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Residents in Bethesda’s Tulip Hill neighborhood, Cabin John and Potomac say new flight patterns of planes out of Reagan National Airport have brought a noticeable increase in noise and disruption over the past year and a half.
The Bethesda and Potomac residents, some who have organized an informal group of about 20 asking for changes, say noise from planes flying over their neighborhoods, sometimes low enough they can see landing gear, is so loud it stops outdoor conversations and prevents them from going to sleep.
“I understand the airspace is [Federal Aviation Administration] property, but I think to fly all the planes over one neighborhood really isn’t right,” said Mary Britt, who said she has lived in the Tulip Hill neighborhood for 14 years. “I’m just shocked that my beautiful suburb here has had to take so many planes.”
Britt said she and other neighbors are accustomed to planes headed north out of Reagan flying above the nearby Potomac River, but that last year she began noticing as many as 30 planes per hour flying over the neighborhood.
The new flight paths, implemented in 2015, allow aircraft to fly over parts of Washington, D.C., Virginia and Maryland as part of a more efficient computerized guiding system known as NextGen. Residents in Northern Virginia and D.C. neighborhoods including Georgetown and Foggy Bottom have also complained of increased noise.
On May 5, Rep. Chris Van Hollen sent a letter to Federal Aviation Administration (FAA) Administrator Michael Huerta chronicling complaints he’s heard from residents and asking why the FAA didn’t advise his office of the flight path changes.
“I understand that these changes, resulting from the implementation of NextGen, were designed to improve the efficiency of flight operations,” Van Hollen wrote. “However, their effect on nearby communities has been dramatic and has created an unacceptable and untenable situation for constituents whose homes lie below the flight path.”
Ken Hartman, director of Montgomery County’s Bethesda-Chevy Chase Regional Services Center, is representing the county at a community roundtable group organized by the Metropolitan Washington Airports Authority (MWAA), which operates Reagan National Airport.
Hartman met with Britt and other community members last week to hear their concerns and the roundtable group is set to meet Thursday afternoon at Reagan to discuss Montgomery County-related plane noise issues.
Hartman said part of the issue is the computerized guiding system sends many more flights over neighborhoods than before.
“Planes that are headed east or south all come up the Potomac, fly over Cabin John, then make a turn over Bethesda, up Goldsboro Road over Bethesda and they’re gaining altitude the entire time,” Hartman said.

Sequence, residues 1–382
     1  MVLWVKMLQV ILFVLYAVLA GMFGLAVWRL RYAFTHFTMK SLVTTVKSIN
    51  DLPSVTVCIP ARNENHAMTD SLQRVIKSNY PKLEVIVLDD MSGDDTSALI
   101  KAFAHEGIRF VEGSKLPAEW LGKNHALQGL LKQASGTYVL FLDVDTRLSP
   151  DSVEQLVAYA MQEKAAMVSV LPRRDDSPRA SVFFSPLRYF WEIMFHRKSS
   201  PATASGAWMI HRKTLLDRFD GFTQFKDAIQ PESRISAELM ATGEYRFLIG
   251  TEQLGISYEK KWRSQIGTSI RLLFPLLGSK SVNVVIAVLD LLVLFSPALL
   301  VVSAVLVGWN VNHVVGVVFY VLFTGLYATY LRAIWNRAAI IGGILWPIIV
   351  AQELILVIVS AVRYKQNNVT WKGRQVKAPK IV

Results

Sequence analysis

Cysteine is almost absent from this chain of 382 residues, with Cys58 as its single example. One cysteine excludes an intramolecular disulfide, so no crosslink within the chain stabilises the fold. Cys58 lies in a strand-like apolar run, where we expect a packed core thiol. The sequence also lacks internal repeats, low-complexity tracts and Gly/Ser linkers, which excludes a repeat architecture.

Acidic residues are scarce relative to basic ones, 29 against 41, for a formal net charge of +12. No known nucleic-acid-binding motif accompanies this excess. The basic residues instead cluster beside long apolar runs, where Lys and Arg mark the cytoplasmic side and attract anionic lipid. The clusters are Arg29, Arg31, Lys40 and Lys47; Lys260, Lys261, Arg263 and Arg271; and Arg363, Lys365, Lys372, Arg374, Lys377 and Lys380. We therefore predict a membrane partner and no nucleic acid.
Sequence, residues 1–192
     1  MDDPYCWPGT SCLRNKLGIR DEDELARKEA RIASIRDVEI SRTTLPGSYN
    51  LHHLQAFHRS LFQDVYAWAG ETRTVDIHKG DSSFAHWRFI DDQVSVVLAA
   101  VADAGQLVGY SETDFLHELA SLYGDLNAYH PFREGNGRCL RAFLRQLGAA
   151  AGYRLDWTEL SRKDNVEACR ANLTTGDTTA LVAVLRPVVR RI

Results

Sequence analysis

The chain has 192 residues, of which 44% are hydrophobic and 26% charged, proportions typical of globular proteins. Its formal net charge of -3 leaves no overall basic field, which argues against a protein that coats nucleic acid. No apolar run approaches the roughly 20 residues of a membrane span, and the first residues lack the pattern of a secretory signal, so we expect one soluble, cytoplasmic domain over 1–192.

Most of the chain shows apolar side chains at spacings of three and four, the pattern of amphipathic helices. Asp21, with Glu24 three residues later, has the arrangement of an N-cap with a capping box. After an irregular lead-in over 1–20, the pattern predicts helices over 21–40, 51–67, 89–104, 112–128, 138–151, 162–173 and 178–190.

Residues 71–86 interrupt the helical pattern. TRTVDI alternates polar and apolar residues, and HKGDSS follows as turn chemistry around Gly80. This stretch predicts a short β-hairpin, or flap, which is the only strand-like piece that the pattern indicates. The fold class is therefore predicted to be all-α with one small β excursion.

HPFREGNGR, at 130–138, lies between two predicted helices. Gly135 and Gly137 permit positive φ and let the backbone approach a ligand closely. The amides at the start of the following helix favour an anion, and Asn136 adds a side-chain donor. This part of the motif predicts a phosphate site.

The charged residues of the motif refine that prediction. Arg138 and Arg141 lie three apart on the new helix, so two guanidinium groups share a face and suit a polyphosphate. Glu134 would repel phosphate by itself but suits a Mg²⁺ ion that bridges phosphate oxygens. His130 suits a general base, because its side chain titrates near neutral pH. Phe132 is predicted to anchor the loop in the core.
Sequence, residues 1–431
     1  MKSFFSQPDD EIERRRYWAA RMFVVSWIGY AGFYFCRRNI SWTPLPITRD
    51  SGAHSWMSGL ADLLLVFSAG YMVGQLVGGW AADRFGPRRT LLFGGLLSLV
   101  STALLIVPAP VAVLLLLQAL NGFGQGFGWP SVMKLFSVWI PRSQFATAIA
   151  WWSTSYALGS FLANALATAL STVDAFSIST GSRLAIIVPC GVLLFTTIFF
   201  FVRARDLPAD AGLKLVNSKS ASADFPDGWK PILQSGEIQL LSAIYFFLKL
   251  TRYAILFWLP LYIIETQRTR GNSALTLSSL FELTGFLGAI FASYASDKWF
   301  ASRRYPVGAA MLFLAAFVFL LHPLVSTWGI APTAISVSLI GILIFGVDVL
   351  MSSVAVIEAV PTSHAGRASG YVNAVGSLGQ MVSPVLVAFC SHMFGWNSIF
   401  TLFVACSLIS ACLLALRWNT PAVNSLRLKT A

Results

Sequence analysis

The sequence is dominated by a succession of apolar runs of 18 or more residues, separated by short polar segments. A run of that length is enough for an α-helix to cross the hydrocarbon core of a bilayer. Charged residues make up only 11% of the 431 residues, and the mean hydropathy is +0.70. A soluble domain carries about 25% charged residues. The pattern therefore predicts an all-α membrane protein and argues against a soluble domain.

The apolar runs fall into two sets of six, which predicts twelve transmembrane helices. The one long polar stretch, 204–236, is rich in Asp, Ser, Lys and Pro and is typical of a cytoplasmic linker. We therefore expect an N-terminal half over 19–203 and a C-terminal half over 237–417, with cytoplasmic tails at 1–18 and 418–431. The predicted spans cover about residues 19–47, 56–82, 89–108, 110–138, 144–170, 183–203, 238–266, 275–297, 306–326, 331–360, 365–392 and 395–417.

He said residents in the Woodrock neighborhood of Potomac just off MacArthur Boulevard have also complained about planes that head up the Potomac River and turn west.
“We’re hearing a lot of anecdotal reports from people saying planes are flying lower than before and we’re trying to get to the bottom of it,” Hartman said. He said the county also didn’t get notification from the FAA of an environmental assessment associated with the flight path changes.
“So Montgomery County government, and it sounds like Van Hollen’s office were left completely out of the picture and now we’re left handling complaints,” Hartman said.
An MWAA or FAA spokesperson couldn’t be reached for comment. The MWAA’s website includes a radar tracker of flights in and out of the airport delayed by an hour. It shows how loud the planes are in terms of decibels with trackers placed throughout the region.
Tulip Hill resident Susan Lanham said she noticed the increased plane noise in March 2015 and that “the low altitude is especially bothersome.”
Van Hollen wrote that residents have complained about planes disrupting their sleep, even when their windows are closed.
“As soon as one plane completes its flyover, another plane approaches,” one resident told Van Hollen. “Often, there is more than one plane over the neighborhood at the same time, flying in different directions at different altitudes.”
“Our life is now as if we are living directly below a runway above our home,” another resident wrote to Van Hollen.
Hartman said the county will push for changing some of the waypoints on the flight paths. Britt, who said the planes will begin flying over Tulip Hill from about 5 a.m. hour until midnight, said she hopes for a similar result.
“Do I have to live in a neighborhood with nonstop planes over my street? I just feel the planes have no respect for our neighborhood,” Britt said.
Original article can be found here: http://www.bethesdamagazine.com